Cruddy cultural competence or an honest mistake? Bedrock’s next move is what matters

Cruddy cultural competence or an honest mistake? Bedrock’s next move is what matters
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Bedrock Financials’ display of all white faces on a vinyl graphic on the Vinton Building at Woodward and Congress this past weekend was certainly a gaffe, in and of itself. But it’s not the first misstep by the Detroit behemoth, which was taken to task along with Detroit Pistons owner Tom Gores  in 2016 by then-BLAC Magazine Editor Aaron Foley, for promoting renderings of a proposed downtown soccer stadium depicting mostly white patrons in a piece titled “Let’s count the Black people in the Detroit MLS stadium renderings.”

Gilbert deserves credit for his quick, decisive action and for showing personal accountability in the matter. But, frankly, what matters most is what comes next.

The decision to put the all-white-face Vinton graphic up first in a marketing series called “See Detroit Like We Do” was certainly in poor taste and should never have happened. The tagline also further stoked the ensuing social media storm and was compounded by 50th anniversary remembrances of the ’67 riots.

So how does Bedrock really view Detroit?

Although a quick apology from Chairman Dan Gilbert was issued on Bedrock’s Facebook page, this most recent action will surely focus additional attention on the Detroit organization’s cultural competence — and should.

“The graphic that was completed Friday was, unfortunately, not diverse or inclusive when looked at by itself,” Gilbert says. “The remaining graphics were scheduled to be installed and completed early this upcoming week.”

Bedrock has since cancelled the campaign.

The entire graphic package, scheduled to be installed and completed this week, was removed entirely at the direction of Dan Gilbert .

Gilbert deserves credit for his quick, decisive action and for showing personal accountability in the matter. But, frankly, what matters most is what comes next.

For Gilbert, that begins with greater understanding of not only the offense, but the business mandate to better understand and promote diversity.

We all should care about how Bedrock sees Detroit and, as important, how we see and treat one another.

What is important is that Detroit comes together as a city that is open, diverse, inclusive and redeveloped in a way that offers opportunities for all of its citizenry and the numerous new residents that will continue to flock here.

How can Bedrock play a greater role in making the city an energized, growing, job-producing town where grit, hard work and brains meld together to raise the standard of living for everyone?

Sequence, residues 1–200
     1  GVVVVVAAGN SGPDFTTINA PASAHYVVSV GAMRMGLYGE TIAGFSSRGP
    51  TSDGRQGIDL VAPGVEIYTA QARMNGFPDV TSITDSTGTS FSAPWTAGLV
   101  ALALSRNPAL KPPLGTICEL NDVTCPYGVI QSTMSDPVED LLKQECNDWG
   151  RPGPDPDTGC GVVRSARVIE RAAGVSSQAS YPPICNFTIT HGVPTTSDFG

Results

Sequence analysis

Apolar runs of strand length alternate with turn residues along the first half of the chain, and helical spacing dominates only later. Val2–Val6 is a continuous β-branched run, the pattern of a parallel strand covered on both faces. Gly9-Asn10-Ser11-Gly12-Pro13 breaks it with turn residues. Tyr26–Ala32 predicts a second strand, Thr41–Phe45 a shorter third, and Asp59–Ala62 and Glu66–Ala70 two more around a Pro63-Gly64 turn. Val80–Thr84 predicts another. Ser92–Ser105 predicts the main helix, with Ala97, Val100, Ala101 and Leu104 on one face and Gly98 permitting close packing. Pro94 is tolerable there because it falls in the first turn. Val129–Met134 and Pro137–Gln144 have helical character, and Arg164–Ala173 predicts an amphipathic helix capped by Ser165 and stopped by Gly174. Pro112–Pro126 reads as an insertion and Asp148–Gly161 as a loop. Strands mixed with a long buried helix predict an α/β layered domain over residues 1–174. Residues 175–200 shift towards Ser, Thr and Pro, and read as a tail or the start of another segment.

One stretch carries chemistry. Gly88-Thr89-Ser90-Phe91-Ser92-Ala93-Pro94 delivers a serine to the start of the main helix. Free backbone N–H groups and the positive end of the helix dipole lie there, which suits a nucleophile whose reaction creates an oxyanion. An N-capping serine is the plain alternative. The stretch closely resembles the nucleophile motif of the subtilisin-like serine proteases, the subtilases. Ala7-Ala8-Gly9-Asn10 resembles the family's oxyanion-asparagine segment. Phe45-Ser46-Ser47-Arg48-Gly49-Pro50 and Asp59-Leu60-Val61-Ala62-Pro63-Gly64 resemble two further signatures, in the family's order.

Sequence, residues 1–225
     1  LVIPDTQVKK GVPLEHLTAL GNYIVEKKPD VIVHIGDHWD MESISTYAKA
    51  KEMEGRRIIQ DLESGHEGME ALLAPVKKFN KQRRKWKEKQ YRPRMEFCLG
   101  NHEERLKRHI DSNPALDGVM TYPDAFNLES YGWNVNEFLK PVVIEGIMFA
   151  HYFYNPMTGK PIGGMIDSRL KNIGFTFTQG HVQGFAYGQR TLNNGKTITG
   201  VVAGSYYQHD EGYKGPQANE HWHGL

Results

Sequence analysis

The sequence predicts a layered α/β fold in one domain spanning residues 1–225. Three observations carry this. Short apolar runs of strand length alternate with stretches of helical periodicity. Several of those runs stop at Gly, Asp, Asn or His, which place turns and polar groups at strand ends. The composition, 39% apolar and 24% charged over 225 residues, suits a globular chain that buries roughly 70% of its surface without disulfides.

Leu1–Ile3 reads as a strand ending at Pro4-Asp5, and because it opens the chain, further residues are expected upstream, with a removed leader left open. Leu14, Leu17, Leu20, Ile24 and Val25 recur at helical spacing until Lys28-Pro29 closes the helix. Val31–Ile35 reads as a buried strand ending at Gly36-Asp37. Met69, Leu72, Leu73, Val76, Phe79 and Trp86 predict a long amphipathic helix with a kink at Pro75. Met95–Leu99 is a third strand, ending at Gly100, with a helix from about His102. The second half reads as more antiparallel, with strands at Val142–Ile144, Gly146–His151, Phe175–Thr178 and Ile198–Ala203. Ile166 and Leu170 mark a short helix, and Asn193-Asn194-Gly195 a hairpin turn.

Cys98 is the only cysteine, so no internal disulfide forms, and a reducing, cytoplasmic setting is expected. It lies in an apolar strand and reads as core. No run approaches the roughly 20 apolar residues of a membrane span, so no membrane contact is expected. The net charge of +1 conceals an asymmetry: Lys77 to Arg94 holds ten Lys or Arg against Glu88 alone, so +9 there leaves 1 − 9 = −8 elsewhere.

Bedrock’s status as one of the city’s largest developers and employers should be directly tied to diversity and inclusion as core values in a greater mission of helping grow population and consumer activity, increasing economic opportunity for all. Recognizing and accepting this role can pay dividends for both the corporation and the community.

Since its founding in 2011, Bedrock and its affiliates have invested more than $3.5 billion in developing more than 100 properties in downtown Detroit and Cleveland, and show no signs of dissipating. New investments include a slew of residential housing developments heralded for meeting the city’s affordable housing goal of 20 percent.

By 2021, it is estimated that Bedrock’s tax contribution will exceed 9 percent of the city’s total tax base, according to Chris Leinberger, a land use strategist and visiting fellow at The Brookings Institution in Washington, D.C., quoted in a 2016 Mlive interview.

Yes, Gilbert has certainly done a lot for Detroit.

Such expansive investment brings elevated responsibility.

Certainly, there are many who will be watching what’s to follow this widely-publicized matter. Some will even try to benefit from Bedrock’s mistake, but that divisive mindset is a part of what impedes Detroit from truly becoming a world-class city.

True healing will happen only as a result of deeds, not words. Market-driven advances in minority employment, supplier and community economic development are a “given” for any business hoping to foster long-term prosperity in Detroit, including Bedrock Financial.

Detroiters need to see continued and increased business and efforts to promote new opportunities, not banners.

Gilbert understands this and we do, too. Let’s move forward Detroit.

Editor’s Note: Jackie Berg is the founder and publisher of TheHUB

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